Two weeks is not very much time.
I often have the sinking feeling that I am missing something. Time passes and I wake up with a start struck nearly breathless with the recognition that everything is passing far too fast, and I am failing to make the most of it. Do not, however, for one minute feel sorry for me, or consider that these deeply unhappy moments serve no purpose. It is this precise sensation that drove DrC and I out of our middle class, type A lives in Seattle, on to the boat, and out to sea in the first place. While unpleasant in the moment, the impetus to look more closely at our lives and periodic carpe diem adjustments is a healthy one for the long term.
Recently, I have failed to take advantage of our cruising lives primarily out of sheer exhaustion. I am tired... profoundly, bone deep tired. I am tired of how hard it is to provision and feed the family. I am tired of dirty clothes and the incredibly taxing process of trying to make those clothes marginally less dirty. I am tired of cat hair and human hair and toe clippings. I am tired of sticky sheets and constantly worrying about the batteries. I am super tired of salt water, and I want to pitch my oven overboard. I am tired of long passages during which I sleep poorly, eat little, and worry constantly about the rigging, other boats, and the basic stupidity of my cat. I think probably I am most tired of yelling at my children whose notions of cleanliness, safety, and diligence are vague, slippery and loose adaptations with very little of the precision I would apply to them myself. I am tired of my husband wanting to have sex even when we haven't bathed in days, and I am tired of listening to the refrigerator cycle endlessly in a vain attempt to make ice for my evening cocktail.
This is trip is so long. It is long physically... stretching over 5,000 nautical miles and 8 months. It is also long mentally. If you are considering this voyage, it is perhaps one of the hardest aspects to prepare for in advance. The puddle jump is a marathon not a sprint. Small irritations which are endurable while cruising the U.S. coastline and Mexico where marinas and docks are widely available and reasonably priced, become long term challenges as you go month after month on the hook. The last time we had access to a water hose was mid-April. The last time we connected to shore power was late March.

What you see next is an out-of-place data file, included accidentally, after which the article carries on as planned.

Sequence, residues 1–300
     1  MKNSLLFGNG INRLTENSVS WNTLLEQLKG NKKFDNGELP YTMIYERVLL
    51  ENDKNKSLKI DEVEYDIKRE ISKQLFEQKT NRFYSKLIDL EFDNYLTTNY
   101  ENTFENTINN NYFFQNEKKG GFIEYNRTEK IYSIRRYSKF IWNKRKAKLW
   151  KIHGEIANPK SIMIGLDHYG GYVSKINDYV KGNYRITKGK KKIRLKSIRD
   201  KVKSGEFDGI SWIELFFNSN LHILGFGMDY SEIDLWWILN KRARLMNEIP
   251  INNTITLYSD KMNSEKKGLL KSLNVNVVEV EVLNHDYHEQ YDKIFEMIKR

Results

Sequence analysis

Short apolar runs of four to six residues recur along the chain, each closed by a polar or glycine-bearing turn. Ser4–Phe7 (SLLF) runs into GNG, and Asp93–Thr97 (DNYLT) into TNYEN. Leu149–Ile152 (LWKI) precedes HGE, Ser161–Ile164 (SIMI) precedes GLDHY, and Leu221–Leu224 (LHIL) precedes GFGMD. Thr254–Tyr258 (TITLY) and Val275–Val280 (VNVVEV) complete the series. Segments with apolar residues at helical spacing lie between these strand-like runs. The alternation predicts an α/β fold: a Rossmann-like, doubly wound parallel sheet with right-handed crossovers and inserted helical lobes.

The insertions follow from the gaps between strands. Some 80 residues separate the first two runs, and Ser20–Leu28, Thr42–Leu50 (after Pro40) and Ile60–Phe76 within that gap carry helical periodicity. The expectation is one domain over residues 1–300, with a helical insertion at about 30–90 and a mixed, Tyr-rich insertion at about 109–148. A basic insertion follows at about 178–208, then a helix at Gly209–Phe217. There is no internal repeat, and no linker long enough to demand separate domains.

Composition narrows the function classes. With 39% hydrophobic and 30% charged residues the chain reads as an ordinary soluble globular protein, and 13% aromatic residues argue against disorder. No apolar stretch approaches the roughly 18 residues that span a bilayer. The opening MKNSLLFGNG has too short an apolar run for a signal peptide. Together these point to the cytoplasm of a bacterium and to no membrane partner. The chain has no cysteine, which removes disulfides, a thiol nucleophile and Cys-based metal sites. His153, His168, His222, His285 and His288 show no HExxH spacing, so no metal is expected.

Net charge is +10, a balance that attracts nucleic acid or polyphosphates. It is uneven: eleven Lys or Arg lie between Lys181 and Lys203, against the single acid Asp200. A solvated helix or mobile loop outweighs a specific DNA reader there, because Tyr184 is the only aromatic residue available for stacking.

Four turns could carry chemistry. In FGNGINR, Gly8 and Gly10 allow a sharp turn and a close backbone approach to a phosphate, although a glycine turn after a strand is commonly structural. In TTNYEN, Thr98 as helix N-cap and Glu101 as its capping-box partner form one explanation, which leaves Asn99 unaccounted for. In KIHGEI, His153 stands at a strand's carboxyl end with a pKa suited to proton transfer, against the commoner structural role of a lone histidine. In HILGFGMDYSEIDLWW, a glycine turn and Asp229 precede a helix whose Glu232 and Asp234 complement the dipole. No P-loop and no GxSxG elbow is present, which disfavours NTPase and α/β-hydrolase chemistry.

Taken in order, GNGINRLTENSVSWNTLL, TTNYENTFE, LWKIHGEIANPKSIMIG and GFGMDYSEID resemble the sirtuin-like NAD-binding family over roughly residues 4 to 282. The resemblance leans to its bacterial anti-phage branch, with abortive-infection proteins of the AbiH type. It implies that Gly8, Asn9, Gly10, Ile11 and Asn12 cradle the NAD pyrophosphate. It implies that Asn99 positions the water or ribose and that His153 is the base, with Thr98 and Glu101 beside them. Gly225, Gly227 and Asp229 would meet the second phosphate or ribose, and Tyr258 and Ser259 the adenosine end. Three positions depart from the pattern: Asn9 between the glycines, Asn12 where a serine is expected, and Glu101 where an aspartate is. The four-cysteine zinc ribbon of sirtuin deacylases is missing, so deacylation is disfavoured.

In addition to practical considerations of convenience to shore services, endless supplies of high pressure fresh water, and easy connectivity to the Internet, many sailors sleep sounder while docked. It's not a matter of comfort but rather one of vigilence. When you are on the hook -- and even when you are on a mooring line -- you must always be at least peripherally aware of your surroundings. Even were you presumptuous enough to believe that your ground tackle is perfectly adequate and perfectly set, you can never say the same for all your neighbors. A cruiser who sleeps deeply, soundly, and oblivious to the weather, her vessel, and neighboring craft is in the long run a boat that is going to come to harm. We have seen boats come to grief out here repeatedly; we have seen others saved from disaster only due to the light sleeping habits of her crew.
So I am tired and ready to be done while simultaneously regretting every failed opportunity, every missed moment. I already feel a thread of desperate nostalgia for the time spent with girls and for the many times I could have been with them but chose instead to read or to watch a movie or to simply nap. DrC and I have brainstormed ways to change our land-based lives to avoid the helpless rat race of our former suburban existence. And living on Don Quixote will no doubt force a different mind-set just as it forces many changes in life style and consumption patterns.
Yet it will never be the same. We knew coming out here that this was the last trip -- the last trip with all three girls on Don Quixote, probably the last extended trip as a family. Soon, we stop homeschooling the girls, a shifting of the educational burden to the public sector which I dread deeply but also welcome as a huge relief as the work is endless and often thankless. We will stop traveling, a change which today I look forward to eagerly but which I know I will wistfully regret in a mere five months as winter sets in and all our friends sail north for warmer waters. And after nearly six years, I will stop being a housewife, a job I have embraced fully and accomplished with some degree of grace and efficiency but which I also secretly loathe. Jaime will leave us soon, Mera and Aeron not long thereafter. Even if and when DrC and I come out here again, there will be a different boat, a different call sign, and all our patterns will change without the combined burden and pleasure which are the children.
So the Don Quixote party is nearly over. We very much enjoyed the festivities, the wonderful company, the conversation and the snacks. We're sleepy and we have to go to work tomorrow. It's time to put the kids to bed, kick the pets outside, turn out the lights and lock the doors. It's time to be responsible adults again. Is it any wonder we're sitting here lingering over the last of our drinks pretending the morning will never come?